Your back-office checklist for new hires

  • Once you’ve got all the forms filled in, go ahead and add your new employee to the payroll whether you handle this yourself, work with an accountant, or have a payroll service provider. Waiting until payday will slow things down and create headaches later.
  • If your company offers direct deposit, be sure to have your new hire fill out the proper form and supply a voided check if necessary.
  • You’ll need to create a file for each employee to keep all payroll and related records filed in case of a future audit or employment dispute. This should include the employee’s full name, social security number, and mailing address plus payroll-related information such as pay rate, frequency, and authorized deduction information.
  • Remember to report that you’ve made a new hire to the appropriate state agency within 20 days of their start date. Add in a due date on your new hire checklist for next time because some states require you to tell them sooner — be sure to check the reporting timeframe for yours.


The fun stuff

  • It’s nice to share the news about your new hire so everyone can welcome them on their first day. If you have a bigger staff, send an email or group message or post a sign in the break room.
  • Day one at a new place means not knowing where anything is located: the bathrooms, the fridge, the lockers, the mailroom, etc. It’s helpful to give your new hire a tour of their work station plus your location including the building and local neighborhood.
  • Starting a new job can be intimidating, so designating an onboarding buddy for your new team member offers a go-to resource for questions about the office, good local restaurants and coffee places, public transportation, or a nearby gym.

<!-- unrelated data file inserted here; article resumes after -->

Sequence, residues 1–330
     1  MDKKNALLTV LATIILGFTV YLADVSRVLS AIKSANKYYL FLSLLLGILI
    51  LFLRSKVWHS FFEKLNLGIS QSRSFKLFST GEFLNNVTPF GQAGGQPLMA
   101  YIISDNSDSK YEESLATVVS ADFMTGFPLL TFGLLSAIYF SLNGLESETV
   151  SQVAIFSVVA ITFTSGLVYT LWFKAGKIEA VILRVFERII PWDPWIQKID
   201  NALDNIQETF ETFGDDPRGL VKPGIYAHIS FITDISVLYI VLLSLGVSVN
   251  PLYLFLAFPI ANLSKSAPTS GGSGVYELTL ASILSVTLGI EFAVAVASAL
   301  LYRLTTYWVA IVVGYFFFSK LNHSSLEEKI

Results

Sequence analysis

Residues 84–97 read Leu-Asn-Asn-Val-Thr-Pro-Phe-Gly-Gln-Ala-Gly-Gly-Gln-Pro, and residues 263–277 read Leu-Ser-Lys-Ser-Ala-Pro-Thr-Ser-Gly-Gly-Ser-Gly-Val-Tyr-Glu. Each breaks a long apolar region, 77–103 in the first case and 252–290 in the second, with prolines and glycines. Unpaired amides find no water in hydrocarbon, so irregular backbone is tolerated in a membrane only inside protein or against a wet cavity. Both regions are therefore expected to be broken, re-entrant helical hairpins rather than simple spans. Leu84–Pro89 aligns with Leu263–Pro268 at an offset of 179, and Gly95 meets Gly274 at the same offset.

Instilling a sense of culture

  • Who knows your company better than you? Probably nobody. While the basics of your company history probably came up in the interview process, now’s a great time to go in-depth on your mission, vision, history, and future plans.
  • Who doesn’t love some company swag? If you’ve got tees, pens, totes, hats, socks, or stickers, now’s the time to load up your new employee so they can represent your company with pride. (And post about it on social media — if you allow that). If you’ve got a dress code that requires wearing company tees, shirts, or aprons, you should also supply these on the first day.
  • Schedule lunch with leadership or the team to get to know one another. Be mindful of food allergies and dietary preferences, though, and ask your new staffer where they’d like to go — or if coffee, drinks, or breakfast would be a better match for them.
  • Anything else that’s uniquely you. Adding a fun tradition to your new employee onboarding checklist is a great way to create the kind of positive shared experiences that build a great culture


And there you have it: a great (and compliant!) first day for your new employee — and the first step toward a bright future together.


Congratulations on growing your team!